Fort Davis National Historic Site

Coordinates: 30°35′57″N 103°53′34″W / 30.59917°N 103.89278°W / 30.59917; -103.89278
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Fort Davis National Historic Site
Fort Davis National Historic Site
Fort Davis National Historic Site is located in Texas
Fort Davis National Historic Site
Location of Fort Davis National Historic Site
Fort Davis National Historic Site is located in the United States
Fort Davis National Historic Site
Fort Davis National Historic Site (the United States)
Location101 Lt. Flipper Dr.
Fort Davis, Texas
Coordinates30°35′57″N 103°53′34″W / 30.59917°N 103.89278°W / 30.59917; -103.89278
Area523 acres (212 ha)
Built1854 (1854)
ArchitectLt. Col. Wesley Merritt
Visitation55,955 (2015)[1]
WebsiteFort Davis National Historic Site
NRHP reference No.66000045
Significant dates
Added to NRHPOctober 15, 1966
Designated NHLDecember 19, 1960
Designated NHSSeptember 8, 1961

Fort Davis National Historic Site is a United States National Historic Site located in the unincorporated community of Fort Davis, Jeff Davis County, Texas. Located within the Davis Mountains of West Texas, the historic site was established in 1961 to protect one of the best remaining examples of a United States Army fort in the southwestern United States.


Established in October 1854 along the Limpia Creek at Painted Comanche Camp by Bvt. Maj. Gen. Persifor Frazer Smith, Fort Davis was named after Jefferson Davis who later became President of the Confederate States of America.[2]: 4  "Hoping to protect the garrison from winter northers, Smith tucked the fort into a canyon flanked on three sides by sheer rock walls."[2]: 5  Commanding the post was 8th Infantry Regiment commander Lt. Col. Washington Seawell.[2]: 5 

Other forts in the frontier fort system were Forts Griffin, Concho, Belknap, Chadbourne, Stockton, Richardson, Bliss, McKavett, Clark, McIntosh, Inge, and Phantom Hill in Texas, and Fort Sill in Oklahoma.[3] "Sub posts or intermediate stations" also were used, including Bothwick's Station on Salt Creek between Fort Richardson and Fort Belknap, Camp Wichita near Buffalo Springs between Fort Richardson and Red River Station, and Mountain Pass between Fort Concho and Fort Griffin.[4]

From 1854 to 1891, Fort Davis was strategically located to protect emigrants, mail coaches, and freight wagons on the trans-Pecos portion of the San Antonio-El Paso Road and the Chihuahua Trail, and to control activities on the southern stem of the Great Comanche War Trail and Mescalero Apache war trails.

The fort was evacuated in April 1861 under orders from General David E. Twiggs[2]: 17  at the start of the Civil War. During John R. Baylor's invasion of New Mexico, only 20 Confederate States Army troops defended the fort.[2]: 17  On the night of 4 August 1861, Mescalero Apaches raided a nearby cattle pen, and during the pursuit on 11 August, Lt. Reuben E. Mays and all but one of his 13-man patrol were killed in an ambush.[2]: 17  This defeat convinced Baylor to staff the fort with three officers and 70 enlisted men.[2]: 17–18  The Confederates evacuated the fort and all other posts west of Fort Clark in August 1862.[2]: 18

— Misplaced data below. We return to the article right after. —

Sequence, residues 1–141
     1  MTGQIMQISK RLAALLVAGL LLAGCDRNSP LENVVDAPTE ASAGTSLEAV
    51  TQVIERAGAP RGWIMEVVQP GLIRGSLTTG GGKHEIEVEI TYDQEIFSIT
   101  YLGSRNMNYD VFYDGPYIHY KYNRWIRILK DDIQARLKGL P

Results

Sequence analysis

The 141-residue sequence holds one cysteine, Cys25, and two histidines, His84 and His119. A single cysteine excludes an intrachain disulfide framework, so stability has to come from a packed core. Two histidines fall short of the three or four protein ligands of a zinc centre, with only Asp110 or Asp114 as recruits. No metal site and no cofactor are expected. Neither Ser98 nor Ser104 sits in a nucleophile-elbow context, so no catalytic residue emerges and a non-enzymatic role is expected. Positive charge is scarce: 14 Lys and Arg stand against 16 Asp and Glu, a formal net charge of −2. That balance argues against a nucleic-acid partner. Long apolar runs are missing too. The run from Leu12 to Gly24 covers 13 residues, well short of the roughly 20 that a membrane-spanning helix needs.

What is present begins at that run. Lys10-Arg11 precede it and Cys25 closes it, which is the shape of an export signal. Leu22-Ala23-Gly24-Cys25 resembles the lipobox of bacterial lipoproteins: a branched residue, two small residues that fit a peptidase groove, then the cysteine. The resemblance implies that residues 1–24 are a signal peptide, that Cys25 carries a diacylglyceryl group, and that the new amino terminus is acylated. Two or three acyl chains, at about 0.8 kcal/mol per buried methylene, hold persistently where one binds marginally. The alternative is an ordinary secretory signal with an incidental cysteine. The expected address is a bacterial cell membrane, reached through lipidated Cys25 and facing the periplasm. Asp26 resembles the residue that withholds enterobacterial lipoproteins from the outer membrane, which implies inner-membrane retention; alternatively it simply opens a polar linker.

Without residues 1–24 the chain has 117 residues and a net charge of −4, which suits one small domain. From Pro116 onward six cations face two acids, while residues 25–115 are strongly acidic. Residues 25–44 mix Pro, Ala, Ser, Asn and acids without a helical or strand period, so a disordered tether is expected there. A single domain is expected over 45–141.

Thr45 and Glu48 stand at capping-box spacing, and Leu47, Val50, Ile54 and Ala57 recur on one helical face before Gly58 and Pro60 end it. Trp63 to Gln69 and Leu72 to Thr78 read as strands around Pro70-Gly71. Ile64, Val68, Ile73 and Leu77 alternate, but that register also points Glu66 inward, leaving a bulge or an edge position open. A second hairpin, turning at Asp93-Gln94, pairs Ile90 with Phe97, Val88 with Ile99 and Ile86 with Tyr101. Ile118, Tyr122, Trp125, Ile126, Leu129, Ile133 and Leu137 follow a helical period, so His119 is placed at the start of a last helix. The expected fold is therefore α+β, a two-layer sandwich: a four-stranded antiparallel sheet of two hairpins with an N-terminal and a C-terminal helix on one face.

Stage Station at Fort Davis, Texas in 1880 (Joseph Basil Girard, watercolor painted 1908, Huntington Museum collection)

Fort Davis is important in understanding the presence of African Americans in the West and in the frontier military because the 24th and 25th U.S. Infantry regiments and the 9th and 10th U.S. Cavalry regiments, all-black regiments (known as the buffalo soldiers), which were established after the Civil War, were stationed at the post. Lt. Col. Wesley Merritt led Troops C, F, H, and I of the 9th Cavalry in reoccupying the fort on 29 June 1867.[2]: 19  They rebuilt the fort, using limestone and adobe, outside the canyon walls.[2]: 22 


Today, 24 restored historic buildings and over 100 ruins and foundations[5] are part of Fort Davis National Historic Site. Five of the historic buildings have been refurbished to the 1880s, making it easy for visitors to envision themselves being at the fort at the height of its development. A self-guided tour of the fort begins at the site's visitor center. Living history demonstrations are common during the summer.

Fort Davis National Historic Site was authorized as a unit of the National Park System in 1961, and was designated a National Historic Landmark in 1960.

A memorial at Fort Davis honors the heroism of Indian Emily, the fictional subject of a popular legend.[6] The actress Jolene Brand portrayed "Indian Emily", who saved the fort from an Apache attack, in the 1959 episode of the same name on the syndicated television anthology series, Death Valley Days, hosted by Stanley Andrews. Emily adopts the white man's ways but flees when a young officer, Tom Easton (Burt Metcalfe), whom she loves prepares to marry another. She returns to warn the fort of a pending Apache attack but dies of a gunshot wound fired in error. Meg Wyllie played Tom's compassionate mother, Mrs. Easton.[7]


Fort Davis drill ground

See also[edit]


  1. ^ "NPS Annual Recreation Visits Report". National Park Service. Retrieved August 18, 2016.
  2. ^ a b c d e f g h i j Wooster, R., Fort Davis, 1994, Austin: Texas State Historical Assoc.0876111398
  3. ^ Carter, R.G., On the Border with Mackenzie, 1935, Washington D.C.: Enyon Printing Co., p. 48
  4. ^ Carter, R.G., On the Border with Mackenzie, 1935, Washington D.C.: Enyon Printing Co., p. 49
  5. ^ "Fort Davis National Park Archives - Abandoned Structures at Fort Davis (1932)". Texas Archive of the Moving Image. Retrieved October 31, 2019.
  6. ^ "Indian Emily". KRTS 93.5 FM Marfa Public Radio. Retrieved 2020-08-24.
  7. ^ "Indian Emily on Death Valley Days". Internet Movie Database. Retrieved January 25, 2019.

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